What does a typical course of acupuncture treatment consist of?
After an initial evaluation, a “trial” course of acupuncture usually consists of 6 to 8 visits over a three to four week period. While individual cases may require longer to achieve full efficacy, some evidence of improvement should be observed within the initial trial period. If satisfactory results are achieved, the frequency of visits is tapered gradually with the goal of maintaining results with minimal follow up. For some patients, this may mean a couple of visits per year on an as-needed basis. Other patients may require visits as often as once a month to avoid flare-ups.
Is acupuncture covered by health insurance plans in Vermont?
While most health insurance plans in Vermont do not cover acupuncture, there are a few exceptions. Our office staff is happy to assist patients in determining whether they have insurance coverage.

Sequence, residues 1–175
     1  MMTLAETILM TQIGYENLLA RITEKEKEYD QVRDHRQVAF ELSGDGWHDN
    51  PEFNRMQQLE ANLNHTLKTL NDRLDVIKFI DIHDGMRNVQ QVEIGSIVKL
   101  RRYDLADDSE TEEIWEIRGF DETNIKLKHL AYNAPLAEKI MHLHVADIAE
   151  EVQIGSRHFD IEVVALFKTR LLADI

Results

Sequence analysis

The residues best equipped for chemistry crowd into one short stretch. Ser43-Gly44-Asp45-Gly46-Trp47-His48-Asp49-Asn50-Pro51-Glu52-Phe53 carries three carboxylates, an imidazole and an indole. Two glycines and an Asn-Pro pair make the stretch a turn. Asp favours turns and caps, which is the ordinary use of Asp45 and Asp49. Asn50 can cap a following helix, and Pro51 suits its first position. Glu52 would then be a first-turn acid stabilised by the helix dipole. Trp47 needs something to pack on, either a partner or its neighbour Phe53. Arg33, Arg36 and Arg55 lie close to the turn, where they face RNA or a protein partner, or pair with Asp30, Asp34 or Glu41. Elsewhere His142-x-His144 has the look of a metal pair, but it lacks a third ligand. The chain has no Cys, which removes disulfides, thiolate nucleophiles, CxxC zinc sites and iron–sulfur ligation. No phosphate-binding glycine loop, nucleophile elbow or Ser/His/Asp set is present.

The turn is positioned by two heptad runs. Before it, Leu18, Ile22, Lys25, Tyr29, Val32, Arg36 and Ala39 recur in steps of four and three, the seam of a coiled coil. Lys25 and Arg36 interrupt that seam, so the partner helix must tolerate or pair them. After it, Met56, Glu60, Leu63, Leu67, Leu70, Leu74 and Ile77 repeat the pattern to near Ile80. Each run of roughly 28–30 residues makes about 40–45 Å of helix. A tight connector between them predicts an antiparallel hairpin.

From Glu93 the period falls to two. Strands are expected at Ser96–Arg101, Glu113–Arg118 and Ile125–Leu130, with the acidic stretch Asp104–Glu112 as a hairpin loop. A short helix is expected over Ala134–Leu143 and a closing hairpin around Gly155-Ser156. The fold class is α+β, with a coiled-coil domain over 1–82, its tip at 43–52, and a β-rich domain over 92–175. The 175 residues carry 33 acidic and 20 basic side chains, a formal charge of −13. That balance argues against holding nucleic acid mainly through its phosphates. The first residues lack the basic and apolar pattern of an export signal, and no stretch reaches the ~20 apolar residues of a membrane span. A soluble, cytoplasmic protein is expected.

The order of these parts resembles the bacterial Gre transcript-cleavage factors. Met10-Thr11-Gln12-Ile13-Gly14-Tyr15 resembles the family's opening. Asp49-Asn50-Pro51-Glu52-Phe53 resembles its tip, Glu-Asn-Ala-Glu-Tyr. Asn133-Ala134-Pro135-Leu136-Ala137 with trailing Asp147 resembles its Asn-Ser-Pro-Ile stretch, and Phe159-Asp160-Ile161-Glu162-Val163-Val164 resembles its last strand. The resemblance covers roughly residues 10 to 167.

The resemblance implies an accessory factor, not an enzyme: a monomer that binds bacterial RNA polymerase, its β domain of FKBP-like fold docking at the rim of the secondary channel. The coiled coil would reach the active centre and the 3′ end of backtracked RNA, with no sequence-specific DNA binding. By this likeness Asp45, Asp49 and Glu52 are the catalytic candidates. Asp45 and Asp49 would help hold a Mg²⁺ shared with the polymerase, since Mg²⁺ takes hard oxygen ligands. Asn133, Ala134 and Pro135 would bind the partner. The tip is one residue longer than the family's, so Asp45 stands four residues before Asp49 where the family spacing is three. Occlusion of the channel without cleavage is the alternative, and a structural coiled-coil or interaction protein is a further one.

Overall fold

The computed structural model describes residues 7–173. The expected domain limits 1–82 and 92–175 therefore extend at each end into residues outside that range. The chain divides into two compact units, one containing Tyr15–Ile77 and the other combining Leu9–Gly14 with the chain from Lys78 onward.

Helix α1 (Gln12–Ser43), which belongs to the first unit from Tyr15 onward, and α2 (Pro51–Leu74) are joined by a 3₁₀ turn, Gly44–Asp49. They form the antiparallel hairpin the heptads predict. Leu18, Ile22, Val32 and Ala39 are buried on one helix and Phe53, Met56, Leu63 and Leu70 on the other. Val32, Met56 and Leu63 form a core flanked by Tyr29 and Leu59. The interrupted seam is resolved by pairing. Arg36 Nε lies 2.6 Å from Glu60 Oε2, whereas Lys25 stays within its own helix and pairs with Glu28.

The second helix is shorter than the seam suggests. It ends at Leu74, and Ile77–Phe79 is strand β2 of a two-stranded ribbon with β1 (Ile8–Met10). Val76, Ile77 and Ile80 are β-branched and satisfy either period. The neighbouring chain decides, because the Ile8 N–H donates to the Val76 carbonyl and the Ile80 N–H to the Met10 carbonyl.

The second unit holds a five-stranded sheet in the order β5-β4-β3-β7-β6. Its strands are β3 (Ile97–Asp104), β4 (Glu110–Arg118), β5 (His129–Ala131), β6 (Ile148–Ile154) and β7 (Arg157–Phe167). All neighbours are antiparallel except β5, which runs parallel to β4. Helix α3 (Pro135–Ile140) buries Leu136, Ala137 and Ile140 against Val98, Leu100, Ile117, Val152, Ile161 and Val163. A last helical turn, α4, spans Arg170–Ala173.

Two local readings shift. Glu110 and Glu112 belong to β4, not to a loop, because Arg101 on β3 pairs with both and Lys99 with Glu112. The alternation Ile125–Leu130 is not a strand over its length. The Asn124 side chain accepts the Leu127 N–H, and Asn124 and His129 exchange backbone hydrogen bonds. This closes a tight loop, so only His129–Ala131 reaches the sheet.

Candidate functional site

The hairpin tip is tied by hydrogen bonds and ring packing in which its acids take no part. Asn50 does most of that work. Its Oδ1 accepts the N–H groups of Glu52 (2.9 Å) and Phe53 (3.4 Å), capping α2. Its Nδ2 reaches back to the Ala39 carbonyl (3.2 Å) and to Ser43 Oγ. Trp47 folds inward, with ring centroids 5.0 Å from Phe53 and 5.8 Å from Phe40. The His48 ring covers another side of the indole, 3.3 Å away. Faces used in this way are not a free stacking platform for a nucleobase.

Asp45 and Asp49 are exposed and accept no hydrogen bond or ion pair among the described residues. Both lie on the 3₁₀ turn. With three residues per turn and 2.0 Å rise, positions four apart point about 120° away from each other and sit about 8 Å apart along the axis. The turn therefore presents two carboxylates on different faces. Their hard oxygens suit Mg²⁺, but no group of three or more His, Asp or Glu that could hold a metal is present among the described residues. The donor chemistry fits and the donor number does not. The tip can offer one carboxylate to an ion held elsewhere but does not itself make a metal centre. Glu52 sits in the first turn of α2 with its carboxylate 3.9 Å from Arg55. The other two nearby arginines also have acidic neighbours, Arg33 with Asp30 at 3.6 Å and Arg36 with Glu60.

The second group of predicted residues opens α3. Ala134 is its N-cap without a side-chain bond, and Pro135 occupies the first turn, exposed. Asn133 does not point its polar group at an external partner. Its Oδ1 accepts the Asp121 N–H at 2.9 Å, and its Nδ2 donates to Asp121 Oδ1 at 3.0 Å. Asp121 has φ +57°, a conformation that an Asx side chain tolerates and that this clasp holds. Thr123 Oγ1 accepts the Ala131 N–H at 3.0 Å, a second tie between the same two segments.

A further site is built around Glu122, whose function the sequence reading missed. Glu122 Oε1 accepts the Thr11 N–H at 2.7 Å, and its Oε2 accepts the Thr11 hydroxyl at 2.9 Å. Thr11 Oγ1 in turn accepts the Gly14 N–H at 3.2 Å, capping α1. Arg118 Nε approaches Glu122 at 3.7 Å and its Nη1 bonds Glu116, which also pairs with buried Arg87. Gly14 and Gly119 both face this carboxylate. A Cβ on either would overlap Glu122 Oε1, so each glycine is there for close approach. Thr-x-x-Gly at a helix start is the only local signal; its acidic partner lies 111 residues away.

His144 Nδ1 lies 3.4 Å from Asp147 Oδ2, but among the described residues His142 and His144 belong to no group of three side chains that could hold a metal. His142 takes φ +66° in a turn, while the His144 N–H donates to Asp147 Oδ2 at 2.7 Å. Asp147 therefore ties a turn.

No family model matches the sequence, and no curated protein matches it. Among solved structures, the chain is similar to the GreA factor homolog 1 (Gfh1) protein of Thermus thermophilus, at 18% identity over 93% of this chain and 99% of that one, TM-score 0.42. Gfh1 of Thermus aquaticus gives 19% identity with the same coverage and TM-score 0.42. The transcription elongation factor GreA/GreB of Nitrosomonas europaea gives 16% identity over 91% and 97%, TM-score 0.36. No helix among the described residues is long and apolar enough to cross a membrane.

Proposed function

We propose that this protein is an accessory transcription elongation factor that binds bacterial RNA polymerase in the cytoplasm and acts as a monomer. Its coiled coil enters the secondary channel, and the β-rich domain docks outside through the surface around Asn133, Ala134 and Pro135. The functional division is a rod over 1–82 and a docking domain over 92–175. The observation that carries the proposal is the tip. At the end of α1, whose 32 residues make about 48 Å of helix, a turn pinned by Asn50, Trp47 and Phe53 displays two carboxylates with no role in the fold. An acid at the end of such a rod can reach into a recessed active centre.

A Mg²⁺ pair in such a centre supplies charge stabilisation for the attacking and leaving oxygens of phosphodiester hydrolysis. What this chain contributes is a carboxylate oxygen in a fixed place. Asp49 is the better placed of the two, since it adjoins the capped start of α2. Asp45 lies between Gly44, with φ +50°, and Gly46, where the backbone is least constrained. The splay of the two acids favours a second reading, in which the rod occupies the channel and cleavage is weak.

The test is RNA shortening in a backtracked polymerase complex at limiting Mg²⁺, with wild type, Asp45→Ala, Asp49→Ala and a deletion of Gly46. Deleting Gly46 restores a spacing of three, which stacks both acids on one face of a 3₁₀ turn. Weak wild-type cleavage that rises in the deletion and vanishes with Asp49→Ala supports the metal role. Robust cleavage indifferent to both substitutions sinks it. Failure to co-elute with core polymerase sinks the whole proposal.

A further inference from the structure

Workers Compensation and Personal Injury coverage will pay for acupuncture when an injury occurs at work or is a result of an auto accident.
Acupuncture is eligible for coverage under Flexible Spending Accounts (FSAs) and Health Savings Accounts (HSAs).
Are there risks involved with acupuncture?
When performed by an adequately trained and licensed acupuncturist, acupuncture is a very safe form of treatment with minimal side effects.